increases in the global population; growing pressures on the
environment; increasing concentration of economic power in the
hands of a small minority of the world's population; varying
crises besetting communities within all kinds of cultures;
deepening cycles of poverty evident in too many parts of the
globe; and increasingly frequent outbursts of "ethnic"
warfare.

Co-operatives, by themselves, cannot be expected to entirely
resolve such issues, but they can contribute significantly to
their resolution.  They can produce and distribute high
quality food at reasonable prices.  They can, as they often
have, demonstrate a concern for the environment.  They can
fulfil their historic role of distributing economic power more
widely and fairly.  They can be expected to enhance the
communities in which they are located. They can assist people
capable of helping themselves escape poverty.  They can assist
in bringing people with different cultures, religions, and
political beliefs together.  Co-operators have much to offer
to the world simply by building upon their traditions of
distinctiveness and addressing efficiently the needs of their
members. 

6.    The Statement of Co-operative Identity, therefore, must
be seen within historical, contemporary and future contexts. 
The remainder of this paper elaborates, albeit briefly, on
each section of the Statement from these three perspectives.

The Definition of a  Co-operative
1.    The Statement defines a co-operative in the following
way: "A co-operative is an autonomous association of persons
united voluntarily to meet their common economic, social and
cultural needs and aspirations through a jointly-owned and
democratically-controlled enterprise."

2.    This definition is intended as a minimal statement; it
is not intended as a description of the "perfect"
co-operative.  It is intentionally broad in scope, recognizing
that members of the various kinds of co-operatives will be
involved differently and that members must have some freedom
in how they organise their affairs.  Hopefully, this
definition will be useful in drafting legislation, educating
members, and preparing textbooks.

3.    The definition emphasizes the following characteristics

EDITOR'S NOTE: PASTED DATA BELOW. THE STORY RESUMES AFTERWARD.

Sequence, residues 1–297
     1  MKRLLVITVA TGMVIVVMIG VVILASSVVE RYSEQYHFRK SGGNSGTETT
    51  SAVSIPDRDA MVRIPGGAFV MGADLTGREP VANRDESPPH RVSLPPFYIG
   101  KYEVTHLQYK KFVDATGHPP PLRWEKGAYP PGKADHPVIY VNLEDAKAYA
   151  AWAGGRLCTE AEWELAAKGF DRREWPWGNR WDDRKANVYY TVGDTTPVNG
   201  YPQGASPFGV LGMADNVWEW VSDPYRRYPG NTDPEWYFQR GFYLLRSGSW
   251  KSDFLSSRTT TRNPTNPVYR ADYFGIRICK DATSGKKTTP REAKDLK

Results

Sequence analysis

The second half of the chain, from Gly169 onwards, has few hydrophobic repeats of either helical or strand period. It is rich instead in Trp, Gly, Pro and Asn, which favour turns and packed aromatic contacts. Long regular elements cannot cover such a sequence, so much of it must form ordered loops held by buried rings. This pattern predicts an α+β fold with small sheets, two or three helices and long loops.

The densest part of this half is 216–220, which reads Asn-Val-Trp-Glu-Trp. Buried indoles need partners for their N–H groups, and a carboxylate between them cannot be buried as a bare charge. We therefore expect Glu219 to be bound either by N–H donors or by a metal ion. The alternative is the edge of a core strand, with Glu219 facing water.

of a co-operative: 
 
(a)   The co-operative is autonomous: that is, it is as
independent of government and private firms as possible. 

(b)  It is "an association of persons."  This means that
co-operatives are free to define "persons" in any legal way
they choose.  Many primary co-operatives around the world
choose only to admit individual human beings.  Many other
primary co-operatives admit "legal persons," which in many
jurisdictions includes companies, extending to them the same
rights as any other member.  Co-operatives at other than the
primary level are usually owned by other co-operatives;  in
all cases, the nature of their democratic practice is a matter
that should be decided upon by their membership.

(c)  The persons are united "voluntarily."  Membership in a
co-operative should not be compulsory.  Members should be
free, within the purposes and resources of the co-operatives,
to join or to leave.

(d)   Members of a co-operative "meet their common economic,
social and cultural needs."   This part of the definition
emphasizes that co-operatives are organised by  members for
their individual and mutual benefit. Normally, co-operatives
must function within the market place and so they must be
operated efficiently and prudently. Most of them exist
primarily to meet economic purposes, but they have social and
cultural goals as well. By "social" is meant the meeting of
social goals, such as the provision of health services or
child care. Such activities must be conducted in an economic
way so that they provide the kinds of services that benefit 
members.  Co-operatives may also embrace cultural goals in
keeping with member concerns and wishes: for example,
assisting in the promotion of a national culture, promoting
peace, sponsoring sports and cultural activities, and
improving relations within the community. Indeed, in the
future helping to provide a better way of life - cultural,
intellectual and spiritual - may become one of the most
important ways in which the co-operatives can benefit their
members and contribute to their communities.

Member needs may be singular and limited, they may be diverse,
they may be social and cultural as well as purely economic,
but, whatever the needs, they are the central purpose for
which the co-operative exists.

(e)  The co-operative is "a jointly-owned and
democratically-controlled enterprise."  This phrase emphasizes
that within co-operatives control  is distributed among
members on a democratic basis.  The dual characteristics of
ownership and democratic control are particularly important in
differentiating co-operatives from other kinds of
organisations, such as capital-controlled or
government-controlled firms.  Each co-operative is also an